My blue lobelia, Lobelia siphilicata, has always seemed a rather raggedy plant compared to the Lobelia cardinalis, or cardinal flower, which the hummingbirds love. By mid-summer the blue lobelia looks a bit dried up and not terribly attractive. Perhaps, I thought, it's less robust than the cardinal flower, which seems to handle drought pretty well for a water-loving plant.
While the cardinal flower happily seeds itself in throughout the yard, the blue lobelia has not reproduced at all...until this year. I was actually on the verge of pulling it out, when I discovered a flock of low growing, flowering new lobelias around the mother plant. Not only were they quite pretty, they also included some white flowers as well as the usual blue.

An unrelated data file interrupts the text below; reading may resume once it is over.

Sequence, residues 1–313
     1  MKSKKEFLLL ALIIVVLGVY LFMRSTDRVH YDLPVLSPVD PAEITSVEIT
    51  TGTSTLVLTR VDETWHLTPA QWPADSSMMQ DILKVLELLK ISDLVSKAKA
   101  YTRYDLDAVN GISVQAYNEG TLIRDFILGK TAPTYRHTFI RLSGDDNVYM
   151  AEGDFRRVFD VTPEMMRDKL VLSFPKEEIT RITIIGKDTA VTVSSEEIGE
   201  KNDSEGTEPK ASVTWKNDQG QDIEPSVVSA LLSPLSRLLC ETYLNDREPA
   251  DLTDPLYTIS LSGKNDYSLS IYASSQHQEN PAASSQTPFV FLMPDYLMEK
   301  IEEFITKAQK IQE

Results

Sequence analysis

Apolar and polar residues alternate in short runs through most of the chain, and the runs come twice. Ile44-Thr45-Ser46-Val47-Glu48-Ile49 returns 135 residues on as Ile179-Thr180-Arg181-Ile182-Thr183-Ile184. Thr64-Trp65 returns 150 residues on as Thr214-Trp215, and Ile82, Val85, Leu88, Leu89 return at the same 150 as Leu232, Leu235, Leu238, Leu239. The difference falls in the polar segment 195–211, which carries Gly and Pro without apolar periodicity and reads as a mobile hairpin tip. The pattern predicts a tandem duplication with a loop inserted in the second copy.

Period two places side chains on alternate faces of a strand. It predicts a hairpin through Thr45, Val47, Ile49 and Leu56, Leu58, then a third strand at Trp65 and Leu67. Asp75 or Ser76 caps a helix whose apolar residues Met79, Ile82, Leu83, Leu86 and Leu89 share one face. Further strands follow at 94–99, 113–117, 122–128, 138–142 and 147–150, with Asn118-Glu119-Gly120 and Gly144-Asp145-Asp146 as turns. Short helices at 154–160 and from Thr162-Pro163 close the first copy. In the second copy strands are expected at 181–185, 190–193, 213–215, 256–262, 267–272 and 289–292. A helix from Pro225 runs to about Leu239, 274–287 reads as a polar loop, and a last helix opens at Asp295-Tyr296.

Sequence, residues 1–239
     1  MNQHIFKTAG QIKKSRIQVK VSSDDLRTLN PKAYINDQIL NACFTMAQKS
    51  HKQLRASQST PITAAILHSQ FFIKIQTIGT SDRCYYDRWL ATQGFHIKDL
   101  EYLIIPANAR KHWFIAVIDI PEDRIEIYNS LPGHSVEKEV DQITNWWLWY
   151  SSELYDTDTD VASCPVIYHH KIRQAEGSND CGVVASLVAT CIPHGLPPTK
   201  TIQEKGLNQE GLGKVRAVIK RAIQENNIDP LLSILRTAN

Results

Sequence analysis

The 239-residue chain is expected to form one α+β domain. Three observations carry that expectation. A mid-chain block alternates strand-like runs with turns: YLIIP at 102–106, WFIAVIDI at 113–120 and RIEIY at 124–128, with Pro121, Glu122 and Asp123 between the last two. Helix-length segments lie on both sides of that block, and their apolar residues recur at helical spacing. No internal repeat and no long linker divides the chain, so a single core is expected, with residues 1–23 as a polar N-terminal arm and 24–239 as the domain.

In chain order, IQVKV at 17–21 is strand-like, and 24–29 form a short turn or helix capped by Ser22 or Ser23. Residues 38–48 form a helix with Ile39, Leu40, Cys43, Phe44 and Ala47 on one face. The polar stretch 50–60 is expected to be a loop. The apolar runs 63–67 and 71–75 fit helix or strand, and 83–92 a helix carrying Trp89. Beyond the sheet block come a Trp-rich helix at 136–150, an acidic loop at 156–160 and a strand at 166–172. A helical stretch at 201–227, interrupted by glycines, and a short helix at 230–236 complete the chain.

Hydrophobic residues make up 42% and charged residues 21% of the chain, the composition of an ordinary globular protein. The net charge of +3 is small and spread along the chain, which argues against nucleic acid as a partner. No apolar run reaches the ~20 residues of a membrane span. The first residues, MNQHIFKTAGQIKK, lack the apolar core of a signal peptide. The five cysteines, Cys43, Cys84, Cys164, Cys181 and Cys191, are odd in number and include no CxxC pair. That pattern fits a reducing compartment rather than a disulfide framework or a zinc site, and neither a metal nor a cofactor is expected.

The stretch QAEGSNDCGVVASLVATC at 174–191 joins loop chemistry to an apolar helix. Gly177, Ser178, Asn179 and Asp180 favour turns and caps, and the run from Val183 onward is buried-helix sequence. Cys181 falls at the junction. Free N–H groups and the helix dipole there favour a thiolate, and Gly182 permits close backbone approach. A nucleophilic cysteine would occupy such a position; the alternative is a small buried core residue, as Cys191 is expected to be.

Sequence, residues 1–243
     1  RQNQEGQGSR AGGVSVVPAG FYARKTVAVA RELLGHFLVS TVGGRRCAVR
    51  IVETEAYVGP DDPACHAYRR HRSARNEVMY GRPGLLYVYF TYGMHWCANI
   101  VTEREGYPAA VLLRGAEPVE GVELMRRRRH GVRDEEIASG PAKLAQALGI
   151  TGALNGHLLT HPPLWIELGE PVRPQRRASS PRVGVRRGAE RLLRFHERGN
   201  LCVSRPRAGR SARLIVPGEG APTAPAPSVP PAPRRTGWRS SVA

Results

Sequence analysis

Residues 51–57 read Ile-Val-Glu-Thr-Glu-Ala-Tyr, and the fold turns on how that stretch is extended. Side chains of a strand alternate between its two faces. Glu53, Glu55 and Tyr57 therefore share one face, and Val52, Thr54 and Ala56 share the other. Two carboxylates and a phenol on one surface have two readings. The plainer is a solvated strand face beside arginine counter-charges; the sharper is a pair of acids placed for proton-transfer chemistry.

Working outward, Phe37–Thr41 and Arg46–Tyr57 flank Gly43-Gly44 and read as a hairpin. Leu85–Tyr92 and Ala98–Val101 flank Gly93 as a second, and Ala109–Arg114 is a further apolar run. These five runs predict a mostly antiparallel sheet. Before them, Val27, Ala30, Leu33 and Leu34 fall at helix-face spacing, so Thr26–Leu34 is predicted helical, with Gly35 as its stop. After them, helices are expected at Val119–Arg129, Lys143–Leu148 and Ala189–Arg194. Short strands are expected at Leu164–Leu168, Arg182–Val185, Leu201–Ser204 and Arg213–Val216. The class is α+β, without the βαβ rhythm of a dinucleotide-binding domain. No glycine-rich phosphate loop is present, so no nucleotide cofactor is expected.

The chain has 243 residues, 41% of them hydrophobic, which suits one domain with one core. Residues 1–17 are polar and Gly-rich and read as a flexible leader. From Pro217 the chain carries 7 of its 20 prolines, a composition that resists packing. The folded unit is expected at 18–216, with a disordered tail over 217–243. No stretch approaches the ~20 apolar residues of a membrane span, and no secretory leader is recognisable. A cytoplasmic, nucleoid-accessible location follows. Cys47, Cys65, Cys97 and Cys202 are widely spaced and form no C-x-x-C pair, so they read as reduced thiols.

I realized that what I seeing must be the result of a mutation. Now I'm fascinated. What will happen next year? Will I have more white plants? And is the much shorter height also a mutation? I don't recall that in its first year of flowering the parent plant was short like these. For now, the blue lobelia stays!